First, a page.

(CHICAGO 10/28/2011) — An Israeli-American man pleaded guilty in US District Court in New Jersey Thursday to illegally selling human kidneys for huge profits. Levi Izhak Rosenbaum is the first person ever convicted in the United States for engaging in organ trafficking, according to published reports.
Prosecutors alleged Rosenbaum charged Americans $160,000 or more for kidneys he obtained by paying “vulnerable Israelis” $10,000 to give up the organ. Rosenbaum pleaded guilty to three counts of organ trafficking. He also agreed to forfeit the $420,000 he got for the illegal kidneys.
In court records obtained by AMP, Rosenbaum said he’d been “doing this a long time.” According to the criminal complaint, an undercover FBI agent approached Rosenbaum and asked about the procedure for purchasing a kidney for a sick uncle. Rosenbaum said a vial of the patient’s blood would be sent to Israel to find a matching prospective donor. When the informant balked at the asking price of $150,000, Rosenbaum answered, “There are people over there hunting … one of the reasons it’s so expensive is because you have to schmear (meaning pay various individuals for their assistance) all the time.”
Rosenbaum was apprehended in July 2009 in a New Jersey statewide sweep that arrested 44 individuals – included 5 rabbis, the mayors of three large cities, and other state officials – on charges of public corruption and international money-laundering. Rosenbaum was the only one charged with organ trafficking. His arrest came just a few weeks before Sweden’s largest daily newspaper – the Aftonbladet – ran a story by Daniel Boström that alleged Israeli Occupation Forces kidnapped and killed young Palestinian men then culled their organs for the black market.
The article created an uproar with charges of anti-Semitism and “Blood Libel” against the newspaper. However, in December 2009, the former head of the Israeli Ministry of Health testified before the Knesset to answer questions that arose after a pathologist admitted he harvested organs from Palestinians and others without family consent.
In a report on Israeli Channel 2, pathologist Dr. Yehuda Hiss said he harvested skin, corneas, heart valves and bones from the bodies of dead Palestinians, Israeli soldiers and foreign workers without permission in the 1990s. When doctors feared their actions would be discovered, they would cover up the evidence, oftentimes gluing shut eyes to hide the missing corneas, he said.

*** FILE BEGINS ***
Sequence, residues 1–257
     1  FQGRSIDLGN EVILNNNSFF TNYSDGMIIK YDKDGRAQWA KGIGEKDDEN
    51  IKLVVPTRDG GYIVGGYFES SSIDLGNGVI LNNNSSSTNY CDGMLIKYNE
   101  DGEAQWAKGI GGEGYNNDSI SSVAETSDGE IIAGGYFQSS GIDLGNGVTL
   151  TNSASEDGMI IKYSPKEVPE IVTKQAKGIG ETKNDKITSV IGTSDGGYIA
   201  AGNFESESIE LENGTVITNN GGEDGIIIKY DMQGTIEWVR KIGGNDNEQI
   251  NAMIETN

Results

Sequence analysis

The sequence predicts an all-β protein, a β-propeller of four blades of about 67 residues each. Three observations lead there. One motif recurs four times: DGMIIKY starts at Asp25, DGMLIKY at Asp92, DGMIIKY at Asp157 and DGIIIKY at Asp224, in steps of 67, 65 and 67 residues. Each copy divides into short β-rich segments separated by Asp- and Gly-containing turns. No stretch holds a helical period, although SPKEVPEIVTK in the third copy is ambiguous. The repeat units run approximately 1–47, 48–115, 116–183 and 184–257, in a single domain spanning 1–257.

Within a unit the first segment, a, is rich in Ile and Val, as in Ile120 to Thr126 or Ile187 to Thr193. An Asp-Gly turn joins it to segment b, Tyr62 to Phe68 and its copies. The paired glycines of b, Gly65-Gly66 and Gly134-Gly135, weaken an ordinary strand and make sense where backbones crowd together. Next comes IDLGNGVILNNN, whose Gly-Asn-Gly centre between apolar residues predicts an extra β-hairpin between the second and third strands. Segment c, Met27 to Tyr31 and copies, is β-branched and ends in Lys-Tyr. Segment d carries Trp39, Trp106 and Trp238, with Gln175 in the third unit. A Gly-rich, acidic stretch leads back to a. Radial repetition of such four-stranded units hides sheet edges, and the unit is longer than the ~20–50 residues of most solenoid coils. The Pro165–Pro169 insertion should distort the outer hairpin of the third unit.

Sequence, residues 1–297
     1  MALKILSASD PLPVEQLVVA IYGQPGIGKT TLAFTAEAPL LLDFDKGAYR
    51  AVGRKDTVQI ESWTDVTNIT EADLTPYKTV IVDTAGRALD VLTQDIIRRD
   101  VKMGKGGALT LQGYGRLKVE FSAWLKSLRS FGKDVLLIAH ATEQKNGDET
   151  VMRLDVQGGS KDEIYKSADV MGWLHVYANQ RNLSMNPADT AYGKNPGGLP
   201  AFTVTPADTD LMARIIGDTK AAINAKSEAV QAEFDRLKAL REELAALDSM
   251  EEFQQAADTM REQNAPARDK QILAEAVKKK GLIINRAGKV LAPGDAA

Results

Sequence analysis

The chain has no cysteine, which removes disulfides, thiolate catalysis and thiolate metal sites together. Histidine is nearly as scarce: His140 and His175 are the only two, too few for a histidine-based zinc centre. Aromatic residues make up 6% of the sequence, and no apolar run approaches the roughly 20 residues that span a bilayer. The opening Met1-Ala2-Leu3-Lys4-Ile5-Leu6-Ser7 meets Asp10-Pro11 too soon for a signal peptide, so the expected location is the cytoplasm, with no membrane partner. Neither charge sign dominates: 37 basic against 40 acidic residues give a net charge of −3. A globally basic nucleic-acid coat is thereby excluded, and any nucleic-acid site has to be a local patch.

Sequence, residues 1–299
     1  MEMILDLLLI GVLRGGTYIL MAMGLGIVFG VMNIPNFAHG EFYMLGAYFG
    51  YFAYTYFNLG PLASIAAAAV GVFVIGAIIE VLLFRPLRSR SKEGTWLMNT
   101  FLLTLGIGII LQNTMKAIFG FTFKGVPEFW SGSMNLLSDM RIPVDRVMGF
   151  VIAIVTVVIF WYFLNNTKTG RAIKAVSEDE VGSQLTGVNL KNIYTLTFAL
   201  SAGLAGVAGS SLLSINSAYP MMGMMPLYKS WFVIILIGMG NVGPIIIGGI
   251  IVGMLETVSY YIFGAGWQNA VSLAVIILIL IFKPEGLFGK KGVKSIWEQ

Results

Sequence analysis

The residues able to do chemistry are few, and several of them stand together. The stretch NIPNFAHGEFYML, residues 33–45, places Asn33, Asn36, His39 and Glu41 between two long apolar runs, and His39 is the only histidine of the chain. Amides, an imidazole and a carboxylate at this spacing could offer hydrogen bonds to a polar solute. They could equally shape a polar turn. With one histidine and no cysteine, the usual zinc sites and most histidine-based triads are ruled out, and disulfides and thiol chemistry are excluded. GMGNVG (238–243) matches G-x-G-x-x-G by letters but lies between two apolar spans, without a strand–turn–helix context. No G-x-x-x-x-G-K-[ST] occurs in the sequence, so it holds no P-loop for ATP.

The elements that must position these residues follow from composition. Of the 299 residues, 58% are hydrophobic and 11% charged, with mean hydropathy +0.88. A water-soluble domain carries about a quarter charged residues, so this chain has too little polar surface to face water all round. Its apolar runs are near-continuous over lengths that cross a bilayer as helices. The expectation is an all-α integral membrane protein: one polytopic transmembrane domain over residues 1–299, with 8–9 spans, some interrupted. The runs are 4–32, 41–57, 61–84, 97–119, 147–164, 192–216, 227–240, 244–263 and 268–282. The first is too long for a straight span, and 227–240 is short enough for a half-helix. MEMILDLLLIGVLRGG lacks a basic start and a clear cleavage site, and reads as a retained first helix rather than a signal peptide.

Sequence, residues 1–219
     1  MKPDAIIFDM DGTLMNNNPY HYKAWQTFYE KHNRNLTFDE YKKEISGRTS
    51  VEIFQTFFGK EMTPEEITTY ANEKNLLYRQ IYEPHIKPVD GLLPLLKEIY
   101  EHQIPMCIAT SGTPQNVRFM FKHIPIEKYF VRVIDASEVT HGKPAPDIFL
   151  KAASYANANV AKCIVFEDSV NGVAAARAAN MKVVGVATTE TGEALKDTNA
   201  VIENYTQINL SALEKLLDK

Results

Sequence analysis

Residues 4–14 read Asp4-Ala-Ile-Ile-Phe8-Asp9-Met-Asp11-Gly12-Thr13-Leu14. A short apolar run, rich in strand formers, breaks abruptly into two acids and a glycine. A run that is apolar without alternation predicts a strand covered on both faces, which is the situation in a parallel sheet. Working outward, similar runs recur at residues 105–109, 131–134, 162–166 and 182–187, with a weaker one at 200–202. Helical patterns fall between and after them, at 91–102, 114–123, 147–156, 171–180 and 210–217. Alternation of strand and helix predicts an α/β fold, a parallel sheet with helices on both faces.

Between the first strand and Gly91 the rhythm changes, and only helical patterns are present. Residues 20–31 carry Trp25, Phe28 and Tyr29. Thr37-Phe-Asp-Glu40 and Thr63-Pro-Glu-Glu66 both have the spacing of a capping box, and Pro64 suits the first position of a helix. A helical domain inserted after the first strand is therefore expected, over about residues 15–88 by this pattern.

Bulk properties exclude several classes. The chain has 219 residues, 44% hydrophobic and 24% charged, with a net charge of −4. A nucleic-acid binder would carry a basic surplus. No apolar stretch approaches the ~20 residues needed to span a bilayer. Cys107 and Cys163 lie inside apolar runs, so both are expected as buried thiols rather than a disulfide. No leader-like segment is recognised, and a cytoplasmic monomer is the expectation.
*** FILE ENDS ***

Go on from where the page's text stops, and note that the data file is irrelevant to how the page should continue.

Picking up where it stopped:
That admission is eerily similar to what the Swedish reporter Boström said he saw in 1992 on the body of the deceased Bilal Ahmed Ghanim. Israeli soldiers shot and killed the 19-year-old Ghanim then took his body away. It was returned five days later at night and in a “shroud of secrecy,” writes Boström. He took pictures of Ghanim’s torso, which had been cut from the groin to his chin and then sewn up.
After Boström’s article was published, he received numerous death threats, the Aftonbladet reported. Israeli Prime Minister Benyamin Netanyahu tried to pressure the Swedish government to condemn the newspaper, but it refused to interfere with the freedom of the press. The newspaper stood by the story.
Boström later said he did not know if the family’s claims their son’s organs had been removed were true but he wrote the story to raise the issue of Israel’s involvement in organ trafficking.
While many question the veracity of Boström’s article, at least one expert in international organ trafficking raised concerns about Israel’s involvement in the black market trade for years. Nancy Scheper-Hughes, the founder of Organs Watch, which documents cases of international organ trafficking, told reporters in 2009 she gave Rosenbaum’s name to the FBI “years ago.”
“’Rosenbaum was part of an extensive underground transplant trafficking network centered in Israel that is responsible for buying and selling thousands of kidneys around the world each year,’ said Scheper-Hughes, a professor of medical anthropology at Berkeley,” told the North Jersey News in July 2009.
Rosenbaum faces 20 years in prison. He will be sentenced on Feb. 2, 2012.